Cited page

Bookmark this page
Fools and Jesters in Literature, Art, and History: A Bio-Bibliographical Sourcebook
Table of contents

Table of contents

  • Title Page iii
  • Contents vii
  • Preface xiii
  • Acknowledgments xvii
  • Introduction 1
  • Notes 20
  • Woody Allen - The Clown as Tragic Hero 25
  • The Anthropology of Fools 33
  • Notes 39
  • Robert Armin 41
  • Notes 48
  • Archy Armstrong 50
  • The Badin 55
  • Lucille Ball 62
  • Jean-Louls Barrault 71
  • Critical Reception 77
  • Beckett's Postmodern Clowns - Vladimir (Didi), Estragon (Gogo), Pozzo, and Lucky 79
  • Jack Benny 85
  • Birbal 91
  • Selected Bibliographv 96
  • The Bishop of Fools 97
  • Note 104
  • George Burns and Gracie Allen the Jewish Vaudeville Tradition 106
  • The Camp 113
  • Canio-Pagliacco and Petrouchka - Two Contrasting Images of Pierrot 120
  • Charlie Chaplin 127
  • The American Circus Clown 136
  • Commedia Dell'Arte 146
  • Selected Bibliograph 153
  • Native American Coyote Trickster Tales and Cycles 155
  • Notes 164
  • The Drag Queen 169
  • Sir John Falstaff 176
  • Feste 185
  • W. C. Fields 194
  • Folly in the Enduring Tradition 198
  • The Fop - Apes and Echoes of Men": Gentlemanly Ideals and the Restoration 207
  • Notes 212
  • Gimpel 215
  • Joseph Grimaldi 220
  • Notes 224
  • Forrest Gump - Innocent Fool 226
  • Hamlet 231
  • Hephaestus, Hermes, and Prometheus - Jesters to the Gods 237
  • Note 245
  • The Heyoka of the Sioux 246
  • Clowns of the Hopi 250
  • Selected Bibiliography 253
  • Knaves and Fools in Ben Jonson 254
  • Buster Keaton 265
  • William Kemp 273
  • Stan Laurel and Oliver Hardy Yin and Yang 281
  • Lear's Fool - (England: in William Shakespeare's King Lear: 1605 289
  • Loki, the Norse Fool 295
  • The Marx Brothers 298
  • Notes 306
  • Selecteid Bibliograpy 306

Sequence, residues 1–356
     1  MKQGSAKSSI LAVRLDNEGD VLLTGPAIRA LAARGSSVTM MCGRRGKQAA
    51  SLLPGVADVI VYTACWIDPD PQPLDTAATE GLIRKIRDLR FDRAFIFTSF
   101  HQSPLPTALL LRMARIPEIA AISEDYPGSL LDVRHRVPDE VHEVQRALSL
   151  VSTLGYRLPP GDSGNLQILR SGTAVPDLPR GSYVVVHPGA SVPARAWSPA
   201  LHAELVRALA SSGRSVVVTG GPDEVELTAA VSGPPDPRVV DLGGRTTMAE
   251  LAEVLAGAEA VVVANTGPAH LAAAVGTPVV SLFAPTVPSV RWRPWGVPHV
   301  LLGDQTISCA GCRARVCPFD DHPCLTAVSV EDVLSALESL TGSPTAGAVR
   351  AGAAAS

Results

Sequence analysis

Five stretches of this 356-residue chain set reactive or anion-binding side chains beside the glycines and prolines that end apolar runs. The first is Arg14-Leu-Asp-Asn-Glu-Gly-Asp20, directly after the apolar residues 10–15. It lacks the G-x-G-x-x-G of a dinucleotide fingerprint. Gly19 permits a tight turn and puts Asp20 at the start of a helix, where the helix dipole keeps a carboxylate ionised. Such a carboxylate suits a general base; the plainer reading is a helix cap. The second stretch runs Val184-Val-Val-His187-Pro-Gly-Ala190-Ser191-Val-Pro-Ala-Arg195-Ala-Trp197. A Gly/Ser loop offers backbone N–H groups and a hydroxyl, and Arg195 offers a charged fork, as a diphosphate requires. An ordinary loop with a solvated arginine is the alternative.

• Merry Report 308
  • Paul the Apostle 316
  • Notes 325
  • Penasar of Bali - Sacred Clowns 329
  • Note 335
  • Pierrot - Dramatic and Literary Mask 336
  • Plautus's Clowns 343
  • Puck/Robin Goodfellow 351
  • Punch and Judy 363
  • FrançOis Rabelais 370
  • Martha Raye 376
  • Rigoletto 382
  • Schlemiels and Schlimazels 388
  • The Sleary Circus 395
  • Socrates as Fool in Aristophanes and Plato 400
  • Note 404
  • Will Sommers 406
  • The Sottie, the Sots, and the Fols 411
  • South African Political Clowning Laughter and Resistance to Apartheid 419
  • Ciritical Reception 427
  • Country Squires and Bumpkins 428
  • Selected Bibliographv 436
  • The Three Stooges 438
  • Taishu Engeki - Subverting the Patterns of Japanese Culture 445
  • Note 452
  • The Tarot Fool 453
  • The Tarot Fool in English and American Novels 459
  • Touchstone 466
  • The Vice Figure in Middle English Morality Plays 471
  • The Vice in Henry Medwall's Nature 485
  • Mae West 494
  • The Yankee 500
  • Zanni 508
  • Critical Reception 512
  • Selected General Bibliography 513
  • Index 521
  • About the Editor and Contributors 545
Settings

Settings

Typeface
Text size Smaller Larger Reset View mode
Search within

Search within this book

Look up

Look up a word

  • Dictionary
  • Thesaurus
Please submit a word or phrase above.
Print this page

Print this page

Why can't I print more than one page at a time?

Full screen
/ 552

matching results for page

Cited passage

Style
Citations are available only to our active members.
Sign up now to cite pages or passages in MLA, APA and Chicago citation styles.

"Portraying himself as an honest, ordinary person helped Lincoln identify with his audiences." (Einhorn, 1992, p. 25).

"Portraying himself as an honest, ordinary person helped Lincoln identify with his audiences." (Einhorn 25)

"Portraying himself as an honest, ordinary person helped Lincoln identify with his audiences."1

1. Lois J. Einhorn, Abraham Lincoln, the Orator: Penetrating the Lincoln Legend (Westport, CT: Greenwood Press, 1992), 25, http://www.questia.com/read/27419298.

Cited passage

Thanks for trying Questia!

Please continue trying out our research tools, but please note, full functionality is available only to our active members.

Your work will be lost once you leave this Web page.

For full access in an ad-free environment, sign up now for a FREE, 1-day trial.

Already a member? Log in now.